Proverbs 14:17

from
An Exposition of the Book of Proverbs
by
Charles Bridges

"A quick-tempered man acts foolishly,
and a man of wicked intentions is hated."

Different gradations of sin are here opposed to each other--the sudden passion and the deliberate purpose; the gust and the continuance of the storm. A hasty temper convicts us of foolishness before our fellowmen. What frightful mischief may be the consequence of an angry word! How fearfully did the "man after God's own heart" suffer the fire to burst out! (1 Sam. 25:21.) Who then, with this example before us, will dare to relax the watch?

But are these sins of temper matters of sorrow and humiliation? Does the remembrance of their cost to our crucified Friend exercise our constant watchfulness and prayerful resistance? Is not our loving Father's rod sometimes needful to bring conviction of their guilty foolishness? Oh, for a rich vouchsafement [bestowal] of that "love which is not easily provoked" (1 Cor. 13:5). "Let us give our hearts no rest, until we have purged their gall, and tempered them with the sweetness and gentleness of our Lord and Savior," says Daille.

But sin grows from weakness to willfulness. Diodati has said, "The first makes a man contemptible, and the second abominable." Wicked devices, cherished malice, one act preparing for another almost aiming at the uttermost, all this shows the true picture of man--hateful and hating one another. Such a man is hated of God as an abomination. Man holds him up to his righteous scorn. Absalom's pillar, the monument to his name, is to this day the object of universal contempt*. The hatred of Haman's wicked devices is perpetuated from generation to generation. Why are these warnings, if we do not regard them? Our dignity is our likeness to God! What shame and degradation must there be in this contrariety to him!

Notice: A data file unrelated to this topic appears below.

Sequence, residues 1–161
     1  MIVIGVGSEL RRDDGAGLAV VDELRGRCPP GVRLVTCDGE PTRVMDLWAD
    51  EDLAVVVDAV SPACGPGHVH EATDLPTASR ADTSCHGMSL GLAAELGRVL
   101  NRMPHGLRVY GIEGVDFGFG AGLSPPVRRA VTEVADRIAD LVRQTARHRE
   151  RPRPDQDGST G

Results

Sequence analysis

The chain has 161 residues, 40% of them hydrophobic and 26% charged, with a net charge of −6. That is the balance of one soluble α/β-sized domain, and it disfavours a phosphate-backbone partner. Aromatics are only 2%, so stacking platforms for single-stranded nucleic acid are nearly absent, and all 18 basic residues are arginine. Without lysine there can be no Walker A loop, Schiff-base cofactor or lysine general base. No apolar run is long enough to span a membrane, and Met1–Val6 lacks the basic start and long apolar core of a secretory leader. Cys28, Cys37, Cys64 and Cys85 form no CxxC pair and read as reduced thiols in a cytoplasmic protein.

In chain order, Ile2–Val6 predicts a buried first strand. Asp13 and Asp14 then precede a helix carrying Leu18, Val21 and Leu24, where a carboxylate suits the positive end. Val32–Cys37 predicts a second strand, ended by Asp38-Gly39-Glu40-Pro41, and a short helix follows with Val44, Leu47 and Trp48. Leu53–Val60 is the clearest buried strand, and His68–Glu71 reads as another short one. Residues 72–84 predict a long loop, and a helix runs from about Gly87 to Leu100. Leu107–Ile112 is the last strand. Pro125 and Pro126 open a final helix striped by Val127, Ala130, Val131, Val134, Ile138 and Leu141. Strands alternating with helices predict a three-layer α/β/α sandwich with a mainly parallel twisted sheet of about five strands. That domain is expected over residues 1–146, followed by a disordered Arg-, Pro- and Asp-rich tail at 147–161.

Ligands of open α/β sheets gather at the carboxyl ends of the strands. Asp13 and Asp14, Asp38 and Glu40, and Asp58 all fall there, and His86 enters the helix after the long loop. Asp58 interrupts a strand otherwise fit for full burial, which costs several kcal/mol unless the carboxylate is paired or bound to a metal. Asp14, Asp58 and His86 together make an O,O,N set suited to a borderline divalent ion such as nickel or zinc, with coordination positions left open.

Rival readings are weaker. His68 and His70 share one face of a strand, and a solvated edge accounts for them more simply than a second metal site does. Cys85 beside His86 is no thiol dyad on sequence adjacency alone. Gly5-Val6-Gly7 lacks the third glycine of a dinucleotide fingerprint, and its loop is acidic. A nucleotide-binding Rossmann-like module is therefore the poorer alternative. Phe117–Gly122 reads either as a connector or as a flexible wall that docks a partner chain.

*Calmet mentions the habit of passing travelers throwing stones at Absalom's pillar to show their hatred of a son's rebellion against his father, and that now the accumulation of stones hides the lower part of the monument. This tradition is confirmed by recent travelers.

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